Google Moves Expeditions Out of Beta to Make VR Field Trips Available to All

by Jamie Feltham • June 28th, 2016

Google is doing exciting work in VR storytelling and platform building, but arguably one its most exciting fields is VR education and the Google Expeditions app.

This week, that app comes out of Beta testing – named the Expeditions Pioneer Program – and is available to download for free to everyone with an Android 4.4 device, with iOS support also expected to arrive soon. What that means is you’ll no longer have to enrol in a closed testing period; teachers can set up classrooms to use the app providing they have a tablet to control, Google Cardboard headsets (or other compatible devices), and phones to power them.

With all of this set up, students can be taken ‘out’ on virtual field trips. Expeditions includes a set of 360 degree and 3D images of locations from all over the world that kids can virtually step into by viewing them through a pair of Cardboard goggles. There are currently over 200 of these locations to visit, and teachers can guide their students around each with integrated descriptions, talking points and questions for them.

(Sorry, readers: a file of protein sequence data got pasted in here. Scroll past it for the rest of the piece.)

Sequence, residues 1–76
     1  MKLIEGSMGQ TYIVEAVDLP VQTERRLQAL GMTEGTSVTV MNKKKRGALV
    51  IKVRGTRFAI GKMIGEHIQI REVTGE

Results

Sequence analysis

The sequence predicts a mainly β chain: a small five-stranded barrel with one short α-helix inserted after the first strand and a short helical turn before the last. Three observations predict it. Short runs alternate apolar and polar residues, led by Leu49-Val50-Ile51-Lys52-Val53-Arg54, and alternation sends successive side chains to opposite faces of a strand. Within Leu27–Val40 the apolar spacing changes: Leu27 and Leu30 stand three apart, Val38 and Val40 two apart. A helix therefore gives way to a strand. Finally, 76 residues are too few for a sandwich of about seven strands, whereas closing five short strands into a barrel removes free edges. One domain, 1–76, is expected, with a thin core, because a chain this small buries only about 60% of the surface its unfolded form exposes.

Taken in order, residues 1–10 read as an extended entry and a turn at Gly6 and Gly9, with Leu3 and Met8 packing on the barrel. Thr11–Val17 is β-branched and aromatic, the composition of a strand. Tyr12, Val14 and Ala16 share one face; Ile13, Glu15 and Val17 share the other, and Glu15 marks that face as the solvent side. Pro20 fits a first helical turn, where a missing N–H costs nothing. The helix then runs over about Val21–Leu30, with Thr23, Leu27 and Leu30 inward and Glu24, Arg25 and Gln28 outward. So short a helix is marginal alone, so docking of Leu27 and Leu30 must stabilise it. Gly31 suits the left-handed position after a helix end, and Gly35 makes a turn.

Obviously there’s still a lot of kit required for classrooms to utilize Expeditions, so Google has teamed up with Best Buy to offer a special package to get schools started. For $9,999 you can pre-order a kit that includes 30 ‘student devices’ and Mattel Viewmasters to go with them. It also includes a tablet, charges, a router and a case for it all.

The search engine giant has been beta testing with this concept since last September after introducing it at the 2015 edition of Google I/O, and has since reached more than one million students. This week’s news is part of a wider rollout of Google’s education initiatives, which also include introducing Google Cast for Education, and hosting quizzes on Google Forms.

As Google’s plans for VR expand, it will be interesting to see if Expeditions has any role to play in its Daydream platform for high-end mobile VR. The introduction of motion controllers would certainly allow for new possibilities, although the premium nature of the platform might make Cardboard the best option for the time being.

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